Using Event Trackers to Capture Email Opens and Clicks

In order for Salesforce DMP to collect data from emails, a tracker needs to be included in the email body. Salesforce DMP has two types of trackers that you can use for this: Event trackers or Campaign trackers.   The difference between the two has to do with what you are using the emails for, and how the data is reported on within the Salesforce DMP. If the emails that you are sending would be considered part of an email marketing campaign, then you should use the Campaign Impression and Click Tracker option, because then the data will be treated like campaign data. If the emails are more transactional – like say a welcome email for when a new user registers an account – then you should use Event Pixels with Event Click Trackers, if need be. If the latter applies to you continue reading below, it the former please click here: to learn about applying media impression and click trackers to your email campaigns.

Event Trackers

Events are configurable through the platform’s web interface, and can be used to understand the users who open your emails or click on the links within them. Events can then be used in the platform to create funnel reports, or to define audience segments. Data from Events do not show up in the Marketer Campaign Performance reports. If you need the data in those reports, you should use Campaign Trackers instead.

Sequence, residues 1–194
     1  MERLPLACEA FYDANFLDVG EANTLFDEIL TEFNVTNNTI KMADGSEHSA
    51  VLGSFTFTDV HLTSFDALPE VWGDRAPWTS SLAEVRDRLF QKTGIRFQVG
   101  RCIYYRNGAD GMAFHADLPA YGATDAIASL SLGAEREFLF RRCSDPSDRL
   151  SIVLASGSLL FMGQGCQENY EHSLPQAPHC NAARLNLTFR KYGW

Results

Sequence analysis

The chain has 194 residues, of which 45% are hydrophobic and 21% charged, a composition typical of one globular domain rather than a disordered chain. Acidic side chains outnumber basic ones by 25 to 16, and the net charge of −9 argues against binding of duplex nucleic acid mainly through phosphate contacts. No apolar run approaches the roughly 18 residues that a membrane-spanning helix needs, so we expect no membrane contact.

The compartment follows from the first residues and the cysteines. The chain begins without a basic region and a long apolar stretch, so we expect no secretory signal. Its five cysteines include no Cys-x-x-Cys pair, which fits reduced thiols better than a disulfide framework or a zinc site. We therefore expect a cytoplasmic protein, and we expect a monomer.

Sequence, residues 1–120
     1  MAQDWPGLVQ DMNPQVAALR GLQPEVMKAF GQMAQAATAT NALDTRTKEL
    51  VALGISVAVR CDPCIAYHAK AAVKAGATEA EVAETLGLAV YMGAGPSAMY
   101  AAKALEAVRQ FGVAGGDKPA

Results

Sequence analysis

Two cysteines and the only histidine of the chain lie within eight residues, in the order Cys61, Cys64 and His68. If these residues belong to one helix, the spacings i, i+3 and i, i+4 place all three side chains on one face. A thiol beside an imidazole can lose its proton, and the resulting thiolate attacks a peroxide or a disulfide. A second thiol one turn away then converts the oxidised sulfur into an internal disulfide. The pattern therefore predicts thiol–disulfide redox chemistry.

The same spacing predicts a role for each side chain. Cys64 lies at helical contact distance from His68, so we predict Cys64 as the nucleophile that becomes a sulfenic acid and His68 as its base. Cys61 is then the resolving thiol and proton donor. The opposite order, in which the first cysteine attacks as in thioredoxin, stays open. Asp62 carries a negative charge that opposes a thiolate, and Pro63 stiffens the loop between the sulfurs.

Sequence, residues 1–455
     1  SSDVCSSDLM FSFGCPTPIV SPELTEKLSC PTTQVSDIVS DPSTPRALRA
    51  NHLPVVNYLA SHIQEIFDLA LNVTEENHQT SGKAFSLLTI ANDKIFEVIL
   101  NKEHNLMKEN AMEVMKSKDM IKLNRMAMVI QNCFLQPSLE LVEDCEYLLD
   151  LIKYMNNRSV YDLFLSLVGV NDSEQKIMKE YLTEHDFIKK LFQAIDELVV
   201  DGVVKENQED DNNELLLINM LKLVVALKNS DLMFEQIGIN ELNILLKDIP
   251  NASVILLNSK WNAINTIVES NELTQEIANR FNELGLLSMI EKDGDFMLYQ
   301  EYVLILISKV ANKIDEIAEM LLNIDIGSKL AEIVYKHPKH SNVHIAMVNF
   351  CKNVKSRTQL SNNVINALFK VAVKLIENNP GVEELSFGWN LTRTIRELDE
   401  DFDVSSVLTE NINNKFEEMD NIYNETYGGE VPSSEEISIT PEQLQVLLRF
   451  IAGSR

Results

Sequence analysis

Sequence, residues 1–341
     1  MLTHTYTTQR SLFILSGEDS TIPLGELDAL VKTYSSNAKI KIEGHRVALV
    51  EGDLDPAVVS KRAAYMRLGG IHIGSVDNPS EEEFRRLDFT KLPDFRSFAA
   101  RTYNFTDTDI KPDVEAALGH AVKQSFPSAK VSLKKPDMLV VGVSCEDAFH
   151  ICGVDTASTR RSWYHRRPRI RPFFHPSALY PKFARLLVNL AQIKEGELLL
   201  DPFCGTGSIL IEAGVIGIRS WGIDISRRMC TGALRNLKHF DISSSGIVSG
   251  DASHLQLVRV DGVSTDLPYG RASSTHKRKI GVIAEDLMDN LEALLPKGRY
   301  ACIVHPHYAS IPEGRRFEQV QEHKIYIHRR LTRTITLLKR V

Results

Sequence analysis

Creating an Event Pixel for Emails

You access events by selecting Events from under the Manage menu in the console. This will bring you to a page that will list out all of the current events, as well as allow you to create a new event.

To create a new event, click on the “+ Create Event” button at the top of the page. You will then be presented with the new event form.

Enter a name for the event, and then for the Event Type, select “Email Open”.

You can choose to leave the Event Category field blank if you’d like, or to enter a category. This field is used to organize the events in the platform. You can also choose to pass in one or more event attributes by adding an entry for each attribute in the table at the bottom of the form. For each attribute, enter the Attribute Name as it will be listed in the event pixel code, as well as the Attribute Display Name for how it will be seen in the platform. Because the Attribute Name is used in the pixel code, you can’t include spaces in the name. The only accepted characters are alphanumeric (Aa-Zz,0-9), as well as dashes (-) and underscores (_). To add additional attributes, click on the “Add Another” button to have another row added to the event attribute table.